Defending Carrie Bradshaw’s New Looks on And Just Like That

If you were watching Sex and city (or tuned to reruns), you were probably introducing yourself as much for fashion as it is for sex. We looked to see what Carrie Bradshaw was wearing in the way we scroll through Instagram in the era of influencer fashion. Carrie gave us the inspiration for an outfit that was both high fashion and down to earth, a high-low brand created by Patricia Field, who famously headed the wardrobe for the original series. It is the eclectic hallmark of Carrie’s style and of every woman who has attempted to emulate it. Luckily, the reboot delivers on the fashion front again (even if I’m the only one waiting for sex to come into play?).

With Molly Rogers, a longtime colleague of Field, and Danny Santiago behind the costumes for That’s it, fashion is, once again, at the center of the show, although early fan criticism was quick to take down some of the costumes that had leaked from the set. To this, specifically the outcry that erupted over a dress that fans suspected was from Forever 21 (it wasn’t, in fact, Forever 21, but a carefully pulled vintage piece by Rogers and Santiago for the story), Molly told me: “There’s a reason she’s wearing that dress.” In fact, there’s a reason for most of Carrie’s fashion choices: a story behind each look (which isn’t evident in the paparazzi photos that have leaked and shared on Instagram).

We had nostalgia and glorified fashion, in a way that didn’t allow Carrie to continue to be experimental in this next chapter.

What the show asks – and has always asked – of its viewers is to appreciate Carrie’s sense of style as part of who she is: someone who loves fashion for fashion and takes risks with it. When we talked about the first few episodes of That’s it, Molly reminded me: “[The women] have evolved because the world has evolved, but Carrie is still experimental. “So is Sarah Jessica Parker. Of her collaboration with the actor, Molly told me:” Well, from the first season, Sarah Jessica is a very collaborative and informed, and her accessories are energetic and extremely creative, and she accepts opinions. It takes everyone to look at the clothes racks and say, “Let’s try this,” and she’s so good at trying everything. “That way, Molly explained, Sarah Jessica is willing to do what many of us won’t:” I don’t think any of us are like that. I think we walk into a store, look at something and say, “Well, I know that color won’t work on me.” This never stops Sarah Jessica. She tries everything, gives it a chance, and then throws it on the pavement if it doesn’t work, and I think it’s really exploratory, and I think it’s great, and it’s rare. “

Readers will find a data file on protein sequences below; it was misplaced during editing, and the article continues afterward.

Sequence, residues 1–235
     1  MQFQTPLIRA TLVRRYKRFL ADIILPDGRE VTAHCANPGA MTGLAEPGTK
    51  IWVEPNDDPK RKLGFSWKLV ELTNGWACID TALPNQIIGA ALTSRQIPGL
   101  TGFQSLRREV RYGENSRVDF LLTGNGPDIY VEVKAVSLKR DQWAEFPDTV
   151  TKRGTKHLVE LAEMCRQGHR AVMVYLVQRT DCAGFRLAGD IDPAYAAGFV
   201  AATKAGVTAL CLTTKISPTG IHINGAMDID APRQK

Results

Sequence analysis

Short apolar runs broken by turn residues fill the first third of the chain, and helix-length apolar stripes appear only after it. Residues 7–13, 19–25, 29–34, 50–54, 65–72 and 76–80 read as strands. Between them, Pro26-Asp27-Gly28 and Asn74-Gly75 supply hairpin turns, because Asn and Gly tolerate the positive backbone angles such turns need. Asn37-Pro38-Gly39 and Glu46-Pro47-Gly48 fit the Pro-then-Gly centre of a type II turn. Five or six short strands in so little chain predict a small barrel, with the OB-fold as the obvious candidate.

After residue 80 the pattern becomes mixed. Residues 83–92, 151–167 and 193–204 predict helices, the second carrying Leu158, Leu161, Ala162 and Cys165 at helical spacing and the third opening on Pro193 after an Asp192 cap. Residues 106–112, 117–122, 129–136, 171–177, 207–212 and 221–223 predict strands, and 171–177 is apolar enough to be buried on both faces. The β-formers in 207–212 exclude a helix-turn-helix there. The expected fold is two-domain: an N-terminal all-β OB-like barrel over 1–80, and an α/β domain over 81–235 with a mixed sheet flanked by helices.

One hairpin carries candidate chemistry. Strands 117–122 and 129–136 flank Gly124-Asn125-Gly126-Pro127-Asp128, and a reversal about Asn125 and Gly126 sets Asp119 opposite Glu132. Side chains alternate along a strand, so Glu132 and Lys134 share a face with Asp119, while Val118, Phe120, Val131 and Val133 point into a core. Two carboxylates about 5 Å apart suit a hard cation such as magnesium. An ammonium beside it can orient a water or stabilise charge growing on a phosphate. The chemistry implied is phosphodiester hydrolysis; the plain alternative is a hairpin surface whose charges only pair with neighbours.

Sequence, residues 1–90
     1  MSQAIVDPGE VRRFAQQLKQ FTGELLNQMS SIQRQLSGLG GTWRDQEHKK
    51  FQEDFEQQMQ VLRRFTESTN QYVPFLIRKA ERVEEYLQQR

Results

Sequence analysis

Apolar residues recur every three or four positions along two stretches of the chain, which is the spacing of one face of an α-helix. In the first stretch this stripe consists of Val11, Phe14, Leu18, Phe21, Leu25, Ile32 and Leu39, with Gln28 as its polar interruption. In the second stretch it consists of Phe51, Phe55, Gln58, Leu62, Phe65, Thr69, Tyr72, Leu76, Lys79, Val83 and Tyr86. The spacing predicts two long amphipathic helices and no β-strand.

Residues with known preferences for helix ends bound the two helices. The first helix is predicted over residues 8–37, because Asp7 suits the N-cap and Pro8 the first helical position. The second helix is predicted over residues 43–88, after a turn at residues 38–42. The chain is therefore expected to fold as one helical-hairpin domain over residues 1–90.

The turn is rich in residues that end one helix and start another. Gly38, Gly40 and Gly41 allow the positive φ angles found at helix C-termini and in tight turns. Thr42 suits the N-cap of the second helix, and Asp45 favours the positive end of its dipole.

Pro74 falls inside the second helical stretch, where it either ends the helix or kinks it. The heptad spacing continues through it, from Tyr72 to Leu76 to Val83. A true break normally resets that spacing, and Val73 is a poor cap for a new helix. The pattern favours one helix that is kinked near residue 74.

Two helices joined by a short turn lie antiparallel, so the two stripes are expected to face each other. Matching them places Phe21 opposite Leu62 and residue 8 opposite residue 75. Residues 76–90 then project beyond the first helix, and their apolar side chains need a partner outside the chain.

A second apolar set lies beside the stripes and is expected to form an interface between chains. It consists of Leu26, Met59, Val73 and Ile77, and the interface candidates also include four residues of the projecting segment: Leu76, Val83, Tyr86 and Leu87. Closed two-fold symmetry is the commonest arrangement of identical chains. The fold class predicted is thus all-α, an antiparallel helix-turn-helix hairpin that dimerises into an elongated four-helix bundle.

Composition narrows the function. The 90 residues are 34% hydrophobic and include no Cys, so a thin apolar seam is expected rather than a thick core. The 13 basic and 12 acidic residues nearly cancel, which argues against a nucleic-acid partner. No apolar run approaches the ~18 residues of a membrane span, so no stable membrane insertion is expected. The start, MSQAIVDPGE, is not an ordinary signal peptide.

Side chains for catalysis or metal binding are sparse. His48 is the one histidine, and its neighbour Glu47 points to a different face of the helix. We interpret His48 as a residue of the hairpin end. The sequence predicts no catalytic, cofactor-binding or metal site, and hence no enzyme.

In fact, it’s not often that a show or a single character’s fashion impact the cultural zeitgeist like Carrie Bradshaw did – and it continues to do so, two decades later. So, as an explanation for the nit, I offer this: maybe we demanded too much of Carrie (and the show’s clients). We had nostalgia and glorified fashion, in a way that didn’t allow Carrie to continue to be experimental in this next chapter. Our instinctive reaction was collective criticism, not enthusiasm, or even appreciation for what the show was giving us: the chance to see Carrie in her fifties, and even more so, the rare opportunity to celebrate women at the fashion that are aging and evolving on a major television show. And even more so, in the era of coiffed Instagram fashion, have we forgotten the joy of seeing fashion come together in a way that expresses personality and not trends? Let’s not forget that Carrie has never been “trendy”, although she has certainly become a trendsetter. We won’t see her wearing New Bottega or sporting a designer from head to toe, even if it looks like fashionable women are all over your IG feed. At the end of the day, I, for example, am relieved to find that while the internet and the fashion landscape have certainly changed, Carrie, fortunately, hasn’t.

Here, a look at other typically Carrie Bradshaw fashion moments to come from That’s it.

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